Saturday, 7 December 2013

My salvation lies in your love

Yesterday, incredulously, I watched as President Zuma announced Nelson Mandela's death. Until now he had always bounced back from his numerous hospital stays. What it must feel like to be home, now, to share in the sadness of his passing and the joy his life had brought. In Germany an epic storm is causing floods and blowing away trucks, but what nature inflicts on itself seems tame compared to what people can do to others - it took an indomitable will and a humanity that most lack to be able to forgive one's oppressor as Mandela did.

My whiteness and my youth prevents me from truly understanding what the struggle was, what had been sacrificed and what it meant to live in a country where race controls your life. Actually, no : I have never not had freedom, but I know that race is still a deciding factor in SA. It is a ripple underneath everyday life that somehow refuses to disappear. I notice when I am the only white person because I feel it makes me vulnerable. white + girl = better watch your back. Not always, not everywhere, not because everyone is some criminal, but simply because the ripple of racism is closely followed by the ripple of crime and corruption that washes over any hope for a better future.

I wrote at the beginning that it is astounding what one person can do to another. I wonder if now we have moved past racism to class difference being the main social problem: those who have nothing see no moral qualms in killing another for a cellphone. However, if you have a roof over your head and enough money in your bank account you might wonder how someone could be so dismissive of the rights (and in the worst case scenario the life) of another.

It is difficult for me to speak on these issues while sitting in another country, starting a new life here. But within two weeks three of my friends were assaulted in one way or another and it is very hard to remain 'Proudly South African', to say wonderful things about your home and assure people that the crime is 'not that bad'. I miss my family, my friends and my country all the time, especially after hearing news like this. I miss the sunshine, December holidays at the beach and not looking like a pale vampire. I miss feeling like I belong.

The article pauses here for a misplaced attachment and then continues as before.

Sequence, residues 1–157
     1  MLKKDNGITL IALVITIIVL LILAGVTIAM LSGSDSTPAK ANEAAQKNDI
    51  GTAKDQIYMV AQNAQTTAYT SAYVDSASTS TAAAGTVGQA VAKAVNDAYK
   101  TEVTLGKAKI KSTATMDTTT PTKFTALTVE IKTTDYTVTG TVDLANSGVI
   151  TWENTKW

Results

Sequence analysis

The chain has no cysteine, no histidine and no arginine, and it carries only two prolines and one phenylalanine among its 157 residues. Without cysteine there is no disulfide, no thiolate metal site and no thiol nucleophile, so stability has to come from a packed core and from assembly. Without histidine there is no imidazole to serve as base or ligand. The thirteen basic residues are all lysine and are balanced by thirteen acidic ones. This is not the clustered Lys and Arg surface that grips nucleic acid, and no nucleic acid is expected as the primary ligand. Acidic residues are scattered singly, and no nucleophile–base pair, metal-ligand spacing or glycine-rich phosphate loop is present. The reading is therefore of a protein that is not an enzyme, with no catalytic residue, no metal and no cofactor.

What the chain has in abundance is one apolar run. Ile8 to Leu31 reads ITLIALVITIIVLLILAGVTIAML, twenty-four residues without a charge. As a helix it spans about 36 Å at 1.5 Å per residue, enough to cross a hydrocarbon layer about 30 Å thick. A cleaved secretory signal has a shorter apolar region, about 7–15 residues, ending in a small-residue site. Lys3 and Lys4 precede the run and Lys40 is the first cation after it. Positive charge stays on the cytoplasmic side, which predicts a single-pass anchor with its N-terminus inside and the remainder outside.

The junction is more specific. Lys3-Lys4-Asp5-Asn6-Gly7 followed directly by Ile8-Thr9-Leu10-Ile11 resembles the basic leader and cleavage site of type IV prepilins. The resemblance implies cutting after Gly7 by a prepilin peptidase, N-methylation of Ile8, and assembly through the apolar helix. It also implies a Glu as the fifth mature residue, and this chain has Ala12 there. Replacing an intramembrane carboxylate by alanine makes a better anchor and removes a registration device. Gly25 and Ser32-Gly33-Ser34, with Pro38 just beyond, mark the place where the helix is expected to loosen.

But I also enjoy not having to be afraid all the time and being able to walk home, alone, at 3 AM after a friend's house warming and not worrying about being robbed.

As the blanket of sorrow falls over South Africa and everyone is in a state of mourning, I wonder what Madiba's death will mean for the future of the country. What influence did he still wield, if any? How will power relations in the ANC shift? Will Zuma stay on for a second term? Why do people not see that at least in part they are voting for their own demise? It will be an exciting time to observe what happens to Mandela's legacy, and whether the people of the rainbow nation will manage to find a pot of gold at its end or fail in this endeavour. I choose to cling to optimism because historically South Africans have fought too hard to attain the rights listed in the current constitution. It cannot have been for nothing.

No comments:

Post a Comment